Proper blood flow throughout the body is necessary for delivering essential nutrients, oxygen, and hormones to cells. The purpose of heart circulation is to pump blood to every cell of every tissue that requires it, while blood vessels are the transportation system that carries this blood. The two types of vessels that mainly transport blood in the body are the arteries and the veins.
While our arteries carry blood away from the heart to the rest of the body, our veins drain blood from our organs, only to be transported back to the heart and reoxygenated. There is another drainage system in the body, known as the Lymphatic System. It helps drain liquid from around cells, known as tissue fluid, back into our bloodstream, preventing fluid accumulation.
Overall our blood circulation system can be classified into two types: 1) the pulmonary system and 2) systemic circulation. The pulmonary system is responsible for pumping blood from the heart to the lungs, where it absorbs oxygen and gives out carbon dioxide. While systemic circulation is responsible for pumping blood from the heart to the rest of the body via the large vessel called aorta.
When blood flow is disturbed for any reason, it can lead to poor blood circulation in the body. Since blood is the most important medium that provides all tissues and organs with the nutrients they require to keep working, poor blood circulation may lead to many pathological changes in the body.
Symptoms of Poor Blood Circulation
When an individual is suffering from poor blood circulation, they may experience a number of symptoms that can be detected by a health professional during a regular checkup.
Poor blood circulation may present as:
- A loss of pulse in the affected areas
- The feeling of slight to moderate pain when pressure is applied to an area
- Skin paleness
- Gradual loss of hair
- Reduction in muscle size
- Cold skin
- Cyanosis of the skin (bluish discoloration)
- Ischemic Rest Pain (burning pain in the soles of the feet)
Causes of Poor Blood Circulation
There are a number of health conditions and lifestyle factors that can lead to the development of poor blood circulation in the body. These poor blood circulation causes include:
- Atherosclerosis (thickening or hardening of the arteries)
- Pulmonary Embolism (arteries in the lungs become blocked by a blood clot)
- Deep Venous Thrombosis (blood clot in a vein)
- Peripheral Artery Disease
- Raynaud’s Disease (decreased blood flow to the fingers and other body extremities)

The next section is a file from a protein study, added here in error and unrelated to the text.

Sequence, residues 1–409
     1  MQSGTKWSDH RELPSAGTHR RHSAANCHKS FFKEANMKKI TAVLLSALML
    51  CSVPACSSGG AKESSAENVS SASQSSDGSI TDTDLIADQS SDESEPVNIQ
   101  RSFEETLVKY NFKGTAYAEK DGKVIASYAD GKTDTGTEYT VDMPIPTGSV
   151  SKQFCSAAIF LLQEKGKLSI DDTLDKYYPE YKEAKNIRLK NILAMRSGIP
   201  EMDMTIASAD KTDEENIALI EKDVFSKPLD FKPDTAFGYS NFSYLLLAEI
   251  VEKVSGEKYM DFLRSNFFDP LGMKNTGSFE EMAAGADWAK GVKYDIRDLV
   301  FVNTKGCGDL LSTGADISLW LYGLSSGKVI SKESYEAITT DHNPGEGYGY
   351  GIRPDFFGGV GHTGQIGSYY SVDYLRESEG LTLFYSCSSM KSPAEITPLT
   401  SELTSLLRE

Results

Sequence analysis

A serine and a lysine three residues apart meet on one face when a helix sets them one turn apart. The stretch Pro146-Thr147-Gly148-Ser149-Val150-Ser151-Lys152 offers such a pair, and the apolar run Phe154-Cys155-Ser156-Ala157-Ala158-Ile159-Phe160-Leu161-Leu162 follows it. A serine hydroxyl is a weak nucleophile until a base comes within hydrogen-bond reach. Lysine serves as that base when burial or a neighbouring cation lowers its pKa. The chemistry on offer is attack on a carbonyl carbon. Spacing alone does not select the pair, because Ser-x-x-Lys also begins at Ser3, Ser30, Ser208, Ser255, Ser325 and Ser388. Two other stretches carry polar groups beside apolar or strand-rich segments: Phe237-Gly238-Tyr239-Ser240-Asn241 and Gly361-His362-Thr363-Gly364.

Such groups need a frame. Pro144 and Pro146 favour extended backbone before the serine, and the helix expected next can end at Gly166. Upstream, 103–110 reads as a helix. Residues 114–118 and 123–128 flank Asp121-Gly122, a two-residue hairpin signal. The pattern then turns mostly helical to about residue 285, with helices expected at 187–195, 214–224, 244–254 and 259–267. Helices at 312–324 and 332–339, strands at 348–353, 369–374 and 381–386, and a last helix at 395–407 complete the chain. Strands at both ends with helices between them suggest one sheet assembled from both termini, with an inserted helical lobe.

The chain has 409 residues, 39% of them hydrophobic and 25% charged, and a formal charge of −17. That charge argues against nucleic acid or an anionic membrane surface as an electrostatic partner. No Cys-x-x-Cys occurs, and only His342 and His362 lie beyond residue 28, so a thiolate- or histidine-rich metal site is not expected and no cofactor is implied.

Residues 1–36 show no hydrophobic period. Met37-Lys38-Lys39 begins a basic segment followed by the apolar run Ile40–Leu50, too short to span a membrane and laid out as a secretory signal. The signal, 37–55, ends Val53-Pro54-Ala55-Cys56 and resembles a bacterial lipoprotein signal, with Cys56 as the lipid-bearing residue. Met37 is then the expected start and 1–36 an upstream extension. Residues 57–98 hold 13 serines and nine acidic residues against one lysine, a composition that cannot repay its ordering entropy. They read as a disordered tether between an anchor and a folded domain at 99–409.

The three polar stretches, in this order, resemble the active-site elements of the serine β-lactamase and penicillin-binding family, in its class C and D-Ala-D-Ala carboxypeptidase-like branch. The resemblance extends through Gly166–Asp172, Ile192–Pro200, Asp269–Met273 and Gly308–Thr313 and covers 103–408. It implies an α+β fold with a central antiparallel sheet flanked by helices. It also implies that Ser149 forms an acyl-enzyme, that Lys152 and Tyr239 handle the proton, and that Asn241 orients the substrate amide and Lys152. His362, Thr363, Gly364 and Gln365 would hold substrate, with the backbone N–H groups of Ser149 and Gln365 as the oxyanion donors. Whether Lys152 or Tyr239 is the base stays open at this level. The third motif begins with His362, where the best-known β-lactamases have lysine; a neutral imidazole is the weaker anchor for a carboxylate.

- Varicose Veins
Smoking: Smoking may induce changes in the blood vessels which increase the risk for developing atherosclerosis (the thickening or hardening of the arteries). This is caused by chemical damage to the internal structure of our arteries, by the accumulation of plaque, potentially blocking blood supply.
Obesity: Individuals who are overweight and obese may have increased sympathetic nerve activity in their bodies, which causes blood vessels to appear more constricted as compared to healthy weight individuals. The constriction of blood vessels interferes with blood supply and increases the risk for metabolic conditions.
Hypertension: When an individual has uncontrolled hypertension, the constant high pressure exerted on blood vessels can weaken them. This makes it harder for blood to move through our vessels and reach all the areas that the body requires.
Peripheral Artery Disease: Peripheral Artery Disease is one of the most common causes of poor circulation in body extremities. It is caused by a buildup of plaque in the arteries, which causes blood to be cut off from legs and feet.
How Does Heart Circulation Work?
Heart circulation is a critical bodily function. Our heart maintains blood circulation all over the body, allowing all tissues to be supplied with ample oxygen and nutrients. The heart rate of a healthy individual is usually within the range of 60 to 80 beats per minute. With every beat of the heart, it pumps blood all over the body and keeps the blood circulation regulated. This circulation increases with activities like exercise, making our heart beat faster.
Once our blood reaches nutrient and energy-deprived tissues, it gets drained out in the veins and goes back to the right atrium of the heart. Heart circulation then causes the blood to move from the right atrium to the ventricle on the same side and is then pumped to the lungs. After being oxygenated in the lungs, our blood then once again enters the heart and flows into the left atrium. From the left atrium, it then moves down to the ventricle and then is finally pumped to supply the rest of the body.
Nitric Oxide and Healthy Circulation
Nitric oxide is a gas known for its therapeutic properties and essential roles in the body. It is produced in a variety of ways by a number of tissues like enzymatic activity of the amino acid L-Arginine. Nitric Oxide is often linked to circulation in the body. According to experts, nitric oxide can do this by increasing nutrient and oxygen flow and regulating vascular tone.
Poor blood circulation has many symptoms and causes; however, a plant-based diet fueled by movement and exercise can fuel improvements for years to come.
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